Wednesday, August 23, 2006

What's a bespoke?

A term I’ve heard used for tailors, for the most part, it’s a word one of my favorite clients likes to use for the work I do, and I think I love this word. It basically means “custom-made,” but it carries with it so much more, at least for me. As an example, a good friend turned me on to this wonderful Saville Row tailor’s website, which has become a model for how I’d like this site to progress (with my own silly/appalled/passionate twist, of course).

Many people/businesses in my trade do custom work, ranging from architectural elements to cabinetry to furniture. It’s not unusual, especially in a city where space is at such a premium, and people’s homes are arranged in odd ways, to need something that’s made to fit in a particular space. What makes me different? I’m so glad you asked, it saves me from ruining a perfectly good chair with all the duct tape I might have otherwise needed to strap you in.

Most often, people come to me because they want something made especially for their home, not because they need a thing that must fit in a pre-existing space. Engineering an efficient way to utilize an existing space is a skill that hundreds of custom cabinetmakers posses, if only because they’ve been asked to do it so many times, they can’t help but learn. While I feel fairly confident that I’m about as good as the next guy, it is not a skill that I would use to sell myself, ever. I have to confess that I hate to do math, and will frequently draw full scale on the wall or the floor with chalk or crayon, before I’ll think to grab the calculator (in his initial interview, my assistant told me, “I love to do math,” and I stood up on my chair and shouted, “say that again!” immediately followed by “welcome aboard!” [ok, I never actually said, “welcome aboard,” that would be too cheesy.], and I often ask him to do much of the actual engineering.). What I am especially good at, if I do say so myself, is mixing my own opinions and tastes with those of my clients, finding a design that we both love, carefully selecting incredible materials, and building a piece using traditional techniques that would bankrupt the most efficient of manufacturers. People come to me because the style or the lines of my previous work speaks to them, or because they trust that I will make something for them that will last forever, or because they fall in love (as I have) with the methods or materials I use to make a thing (more on each of those in future posts), or any combination of those.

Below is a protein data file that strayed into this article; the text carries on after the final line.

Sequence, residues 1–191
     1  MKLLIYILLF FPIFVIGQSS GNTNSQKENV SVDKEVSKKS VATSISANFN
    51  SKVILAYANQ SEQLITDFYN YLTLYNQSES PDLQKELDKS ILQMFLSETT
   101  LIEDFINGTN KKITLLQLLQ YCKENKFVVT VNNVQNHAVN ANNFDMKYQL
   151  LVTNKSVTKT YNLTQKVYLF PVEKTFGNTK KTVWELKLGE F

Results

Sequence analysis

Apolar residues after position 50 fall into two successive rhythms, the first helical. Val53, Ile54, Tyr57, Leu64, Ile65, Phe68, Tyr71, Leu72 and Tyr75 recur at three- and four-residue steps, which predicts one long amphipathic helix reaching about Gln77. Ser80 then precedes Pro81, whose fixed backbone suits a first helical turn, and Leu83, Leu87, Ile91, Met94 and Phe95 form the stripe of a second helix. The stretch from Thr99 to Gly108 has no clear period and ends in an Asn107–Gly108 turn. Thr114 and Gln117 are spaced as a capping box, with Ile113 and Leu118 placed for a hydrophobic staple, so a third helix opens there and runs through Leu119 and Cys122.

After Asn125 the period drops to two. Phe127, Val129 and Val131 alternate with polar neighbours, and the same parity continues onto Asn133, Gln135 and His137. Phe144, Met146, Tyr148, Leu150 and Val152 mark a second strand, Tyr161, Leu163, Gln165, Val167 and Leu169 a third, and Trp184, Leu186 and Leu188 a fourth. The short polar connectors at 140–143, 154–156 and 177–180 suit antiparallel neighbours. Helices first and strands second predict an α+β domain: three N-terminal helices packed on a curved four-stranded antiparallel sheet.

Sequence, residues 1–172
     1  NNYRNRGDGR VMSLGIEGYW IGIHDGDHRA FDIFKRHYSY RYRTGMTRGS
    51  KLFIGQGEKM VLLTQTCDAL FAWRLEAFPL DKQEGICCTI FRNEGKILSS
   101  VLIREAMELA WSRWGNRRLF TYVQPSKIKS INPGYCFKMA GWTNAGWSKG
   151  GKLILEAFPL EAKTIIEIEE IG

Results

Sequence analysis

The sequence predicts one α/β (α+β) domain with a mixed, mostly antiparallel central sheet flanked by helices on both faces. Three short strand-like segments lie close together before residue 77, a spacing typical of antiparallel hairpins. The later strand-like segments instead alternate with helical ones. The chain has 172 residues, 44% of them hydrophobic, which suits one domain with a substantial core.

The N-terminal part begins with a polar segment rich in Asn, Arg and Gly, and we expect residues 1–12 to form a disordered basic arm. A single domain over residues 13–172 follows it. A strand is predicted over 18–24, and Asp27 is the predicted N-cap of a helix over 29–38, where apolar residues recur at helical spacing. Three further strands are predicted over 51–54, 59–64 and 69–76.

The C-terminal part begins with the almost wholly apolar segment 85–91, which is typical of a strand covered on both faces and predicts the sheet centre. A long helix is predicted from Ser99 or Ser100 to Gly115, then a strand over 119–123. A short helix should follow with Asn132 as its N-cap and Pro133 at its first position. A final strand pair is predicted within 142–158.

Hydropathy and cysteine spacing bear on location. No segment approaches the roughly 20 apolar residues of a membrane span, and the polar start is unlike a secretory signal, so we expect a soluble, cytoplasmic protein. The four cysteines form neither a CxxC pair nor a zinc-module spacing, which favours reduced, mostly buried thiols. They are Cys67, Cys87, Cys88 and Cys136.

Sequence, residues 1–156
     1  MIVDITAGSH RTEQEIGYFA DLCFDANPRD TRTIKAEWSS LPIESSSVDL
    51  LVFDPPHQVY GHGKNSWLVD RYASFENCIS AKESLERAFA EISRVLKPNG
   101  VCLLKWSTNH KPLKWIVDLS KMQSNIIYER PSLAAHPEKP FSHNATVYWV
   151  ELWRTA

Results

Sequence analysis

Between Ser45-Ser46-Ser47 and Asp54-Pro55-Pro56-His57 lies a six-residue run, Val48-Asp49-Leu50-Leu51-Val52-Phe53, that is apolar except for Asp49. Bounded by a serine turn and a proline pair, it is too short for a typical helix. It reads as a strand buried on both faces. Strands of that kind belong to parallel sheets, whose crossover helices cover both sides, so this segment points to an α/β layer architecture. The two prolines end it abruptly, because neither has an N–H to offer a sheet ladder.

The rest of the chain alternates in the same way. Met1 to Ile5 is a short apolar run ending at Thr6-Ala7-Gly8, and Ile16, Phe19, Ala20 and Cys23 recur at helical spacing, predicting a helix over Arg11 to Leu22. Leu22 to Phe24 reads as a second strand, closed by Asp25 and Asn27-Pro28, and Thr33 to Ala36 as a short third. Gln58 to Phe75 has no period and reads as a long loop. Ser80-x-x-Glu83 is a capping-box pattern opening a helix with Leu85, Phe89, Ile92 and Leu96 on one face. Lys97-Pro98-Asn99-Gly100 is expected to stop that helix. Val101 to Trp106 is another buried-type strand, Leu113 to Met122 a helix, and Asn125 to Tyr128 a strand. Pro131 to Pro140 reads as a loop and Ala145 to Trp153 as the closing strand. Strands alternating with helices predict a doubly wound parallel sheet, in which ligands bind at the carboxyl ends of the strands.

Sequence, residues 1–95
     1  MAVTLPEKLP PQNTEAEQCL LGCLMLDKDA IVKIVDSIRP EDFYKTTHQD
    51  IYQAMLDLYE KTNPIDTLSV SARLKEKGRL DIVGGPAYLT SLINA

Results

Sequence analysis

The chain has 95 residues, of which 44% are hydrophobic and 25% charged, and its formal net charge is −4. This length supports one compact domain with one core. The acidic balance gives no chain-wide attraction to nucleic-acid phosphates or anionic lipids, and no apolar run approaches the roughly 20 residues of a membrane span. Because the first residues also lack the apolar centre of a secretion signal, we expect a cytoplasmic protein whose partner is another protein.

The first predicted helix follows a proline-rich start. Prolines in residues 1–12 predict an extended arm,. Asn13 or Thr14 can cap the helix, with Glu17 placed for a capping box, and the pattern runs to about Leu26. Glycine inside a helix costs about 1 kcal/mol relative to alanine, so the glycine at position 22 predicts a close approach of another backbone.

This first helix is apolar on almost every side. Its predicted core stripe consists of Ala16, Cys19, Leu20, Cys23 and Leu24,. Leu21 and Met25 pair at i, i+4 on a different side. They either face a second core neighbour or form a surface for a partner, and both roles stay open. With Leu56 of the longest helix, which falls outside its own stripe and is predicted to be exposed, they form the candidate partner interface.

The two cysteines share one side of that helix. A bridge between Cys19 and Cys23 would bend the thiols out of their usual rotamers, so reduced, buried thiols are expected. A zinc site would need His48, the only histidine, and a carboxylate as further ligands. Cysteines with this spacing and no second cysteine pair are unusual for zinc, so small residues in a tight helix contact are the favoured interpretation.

Hence, “bespoke,” rather than “custom made” – the other term I’ve used is “commissioned,” if only because it’s a more universally understood word. But bespoke says so much more, it implies the opulence and luxuriousness I’ve come to love, it carries with it the textures and the colors, the shapes and the curves and the depth of the materials that make it impossible not to run your hands over the surface or to sit across the room letting your eyes glaze over as they pore all over the thing, wondering how delicious it might be if only you could eat it…


So. Bespoke. I’m a bespoke furniture designer/maker. That’s kind of a mouthful, I guess, but so be it. If it helps people to understand what I do, and what I can do to make their lives more interesting,* then rock on with the mouthfuls of awkwardness.

*I realize that is a seemingly preposterous claim to make, but think of it this way: if you buy an original painting or sculpture by an artist who's work touches you, and you place it in your home where you can gaze upon it often (please excuse the old world cheeseball dorkiness), it makes your life more interesting, no? It improves your awareness, it alters your moods, it fills you with emotions, simply with its presence in your life. Now interact with that thing on a daily basis. Sit in it, or sleep on it, or eat dinner at it, or put your belongings inside it, touch it and move it around or use it as a place to put your favorite bowl or to do your taxes or take that well deserved nap.

That’s why it’s called “bespoke furniture,” and it’s what I get to think about while I make it, and when I get that wonderful moment, that little piece of time when it’s late at night, and everyone has gone home, and the shop is empty and the buzzing of the fluorescents is mixing with the Motown that’s likely to be playing, and I can stand back and look at the thing, and walk around it, and feel like trying to make a living doing something this ludicrous is a really, really excellent idea.


Post a Comment

Links to this post:

Create a Link

<< Home